Beat music, British beat, or Merseybeat (after bands from Liverpool and nearby areas beside the River Mersey) is a pop and rock music genre that developed in the United Kingdom in the early 1960s. Beat music is a fusion of rock and roll (mainly Chuck Berry guitar style and the midtempo beat of artists like Buddy Holly), doo-wop, skiffle and R&B. The genre provided many of the bands responsible for the British Invasion of the American pop charts starting in 1964, and provided the model for many important developments in pop and rock music, including the format of the rock group around lead, rhythm and bass guitars with drums. The Beat Of The Pops - excellent selection of beat tracks.
Beatles fans love to explain that the key to the successful partnership of John Lennon and Paul McCartney was their contrasting songwriting personalities – Lennon was the tongue in cheek sardonic wit, McCartney the earnest balladeer. On John Pizzarelli Meets the Beatles, a sharply conceived tribute which sets the duo's classics in a jazz trio with big-band arrangements, the singer/guitarist hits the mark more often when he's taking on the Lennon persona. He approaches "Cant' Buy Me Love," "When I'm 64," and "Get Back" with a playful wink, jumping off his speedy melody lines and the rising brass sections for extended improvisational tradeoffs with pianist Ray Kennedy, and adding colorful touches like scatting and even ad libbing his own lyrical verses based on the originals. Likewise, he attacks the all-instrumental "Eleanor Rigby" with a jumpy, swinging aggression. Pizzarelli, however, becomes overly schmaltzy in presenting ballads like "You've Got to Hide Your Love Away" and "Long and Winding Road" too seriously, with maudlin, straightforward arrangements that grind the party to a halt. The one exception is the more percussive "Oh Darling," where his intense vocal helps the tune rise above the hotel lounge mentality.
It was 50 years ago when The Beatles' John Lennon, Paul McCartney, George Harrison, and Ringo Starr astonished and delighted the world, ushering in the Summer of Love with Sgt. Pepper's Lonely Hearts Club Band, a groundbreaking masterwork that became popular music's most universally acclaimed album. The album is newly mixed by Giles Martin and engineer Sam Okell in stereo, sourced directly from the four-track masters at Abbey Road Studios in London, and guided by the original, Beatles-preferred mono mix produced by his father, George Martin. This expanded 2CD package features the new stereo album mix on the first CD and adds a second CD of 18 tracks, including previously unreleased alternate takes of each of the album's 13 songs, newly mixed in stereo and sequenced in the same order as the album. The second CD also includes a new stereo mix and a previously unreleased instrumental take of 'Penny Lane,' and the 2015 stereo mix and two previously unreleased alternate takes of 'Strawberry Fields Forever.'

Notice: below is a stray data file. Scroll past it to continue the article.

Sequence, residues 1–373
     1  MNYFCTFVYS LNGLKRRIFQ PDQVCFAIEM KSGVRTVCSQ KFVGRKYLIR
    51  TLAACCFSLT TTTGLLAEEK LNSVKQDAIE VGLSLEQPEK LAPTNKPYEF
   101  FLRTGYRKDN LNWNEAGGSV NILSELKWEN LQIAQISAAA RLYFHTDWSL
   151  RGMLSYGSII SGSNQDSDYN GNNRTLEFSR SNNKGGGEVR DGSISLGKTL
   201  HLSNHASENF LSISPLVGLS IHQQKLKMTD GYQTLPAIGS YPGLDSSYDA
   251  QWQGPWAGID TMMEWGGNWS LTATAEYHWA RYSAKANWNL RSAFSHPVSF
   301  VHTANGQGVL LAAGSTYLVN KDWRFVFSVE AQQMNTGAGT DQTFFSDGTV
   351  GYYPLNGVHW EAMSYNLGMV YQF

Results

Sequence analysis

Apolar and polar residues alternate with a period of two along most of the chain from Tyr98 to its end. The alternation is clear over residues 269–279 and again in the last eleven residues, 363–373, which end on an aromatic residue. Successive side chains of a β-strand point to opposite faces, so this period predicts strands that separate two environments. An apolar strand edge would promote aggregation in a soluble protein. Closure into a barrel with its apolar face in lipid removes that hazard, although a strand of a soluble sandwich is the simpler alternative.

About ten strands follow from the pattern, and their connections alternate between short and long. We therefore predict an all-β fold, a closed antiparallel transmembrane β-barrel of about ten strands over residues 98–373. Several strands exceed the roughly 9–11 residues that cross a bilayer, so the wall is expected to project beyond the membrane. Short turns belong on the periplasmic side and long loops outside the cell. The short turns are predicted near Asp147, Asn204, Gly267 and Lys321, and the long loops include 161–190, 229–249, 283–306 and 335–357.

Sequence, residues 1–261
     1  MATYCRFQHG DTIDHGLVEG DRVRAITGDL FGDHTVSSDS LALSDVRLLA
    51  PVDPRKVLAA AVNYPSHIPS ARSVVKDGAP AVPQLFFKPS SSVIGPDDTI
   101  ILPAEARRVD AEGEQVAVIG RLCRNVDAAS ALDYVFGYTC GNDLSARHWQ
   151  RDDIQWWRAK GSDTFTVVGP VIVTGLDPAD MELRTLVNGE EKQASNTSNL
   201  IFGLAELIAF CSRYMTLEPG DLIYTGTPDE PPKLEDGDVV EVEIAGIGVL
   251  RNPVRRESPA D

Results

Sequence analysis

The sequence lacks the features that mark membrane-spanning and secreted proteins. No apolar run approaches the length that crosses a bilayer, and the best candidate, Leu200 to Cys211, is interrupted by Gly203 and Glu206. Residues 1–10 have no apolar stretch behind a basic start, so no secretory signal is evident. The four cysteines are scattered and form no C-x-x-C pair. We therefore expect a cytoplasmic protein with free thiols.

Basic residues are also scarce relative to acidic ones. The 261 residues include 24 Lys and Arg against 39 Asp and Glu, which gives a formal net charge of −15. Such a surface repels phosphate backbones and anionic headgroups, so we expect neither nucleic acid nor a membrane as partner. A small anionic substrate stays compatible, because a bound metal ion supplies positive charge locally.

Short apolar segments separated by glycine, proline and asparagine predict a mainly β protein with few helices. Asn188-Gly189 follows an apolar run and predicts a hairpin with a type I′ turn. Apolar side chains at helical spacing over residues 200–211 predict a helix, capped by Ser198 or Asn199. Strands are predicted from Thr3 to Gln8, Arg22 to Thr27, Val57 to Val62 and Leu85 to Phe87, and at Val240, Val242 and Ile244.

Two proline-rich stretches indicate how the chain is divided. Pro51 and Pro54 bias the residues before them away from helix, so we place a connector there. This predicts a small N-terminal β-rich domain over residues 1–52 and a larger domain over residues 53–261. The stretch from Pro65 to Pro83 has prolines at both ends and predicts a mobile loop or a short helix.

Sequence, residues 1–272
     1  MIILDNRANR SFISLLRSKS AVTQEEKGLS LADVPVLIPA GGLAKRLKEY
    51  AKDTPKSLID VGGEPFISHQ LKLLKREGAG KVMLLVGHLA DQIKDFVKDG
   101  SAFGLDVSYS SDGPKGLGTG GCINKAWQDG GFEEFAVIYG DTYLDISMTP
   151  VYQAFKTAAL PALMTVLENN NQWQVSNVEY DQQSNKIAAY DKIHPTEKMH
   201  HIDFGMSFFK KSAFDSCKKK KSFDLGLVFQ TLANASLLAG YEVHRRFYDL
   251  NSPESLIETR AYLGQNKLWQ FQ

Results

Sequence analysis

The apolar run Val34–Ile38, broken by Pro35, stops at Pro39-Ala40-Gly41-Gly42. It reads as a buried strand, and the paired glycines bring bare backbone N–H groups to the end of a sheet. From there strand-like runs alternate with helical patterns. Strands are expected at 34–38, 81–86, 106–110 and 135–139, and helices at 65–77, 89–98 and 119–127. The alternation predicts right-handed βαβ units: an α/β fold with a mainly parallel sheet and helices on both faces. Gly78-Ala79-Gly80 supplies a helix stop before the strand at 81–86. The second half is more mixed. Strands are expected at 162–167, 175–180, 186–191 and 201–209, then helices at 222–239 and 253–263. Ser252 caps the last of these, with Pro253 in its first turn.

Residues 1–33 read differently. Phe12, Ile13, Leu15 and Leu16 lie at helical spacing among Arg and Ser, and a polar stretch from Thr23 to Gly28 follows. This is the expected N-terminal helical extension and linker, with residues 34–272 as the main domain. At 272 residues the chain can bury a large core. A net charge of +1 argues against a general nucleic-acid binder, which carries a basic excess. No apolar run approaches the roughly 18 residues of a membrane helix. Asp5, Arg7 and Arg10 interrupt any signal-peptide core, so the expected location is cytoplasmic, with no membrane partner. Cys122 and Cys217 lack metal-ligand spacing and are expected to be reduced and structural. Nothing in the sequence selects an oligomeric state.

Violinist Viktoria Mullova made two great decisions before she made this record. First, she decided to record not only Bach's canonical six sonatas for violin and harpsichord, but also his Sonata in G major for violin and continuo and his Trio Sonata in C major for violin and continuo…
These Foolish Things is a 1973 album by Bryan Ferry, containing cover versions of standard songs. It was his first solo effort, as he was still Roxy Music's lead singer.
Collection includes: Roman Candle (1994); Elliott Smith (1995); Either/Or (1997); XO (1998); Figure 8 (2000); From A Basement On The Hill (2004); New Moon (2007).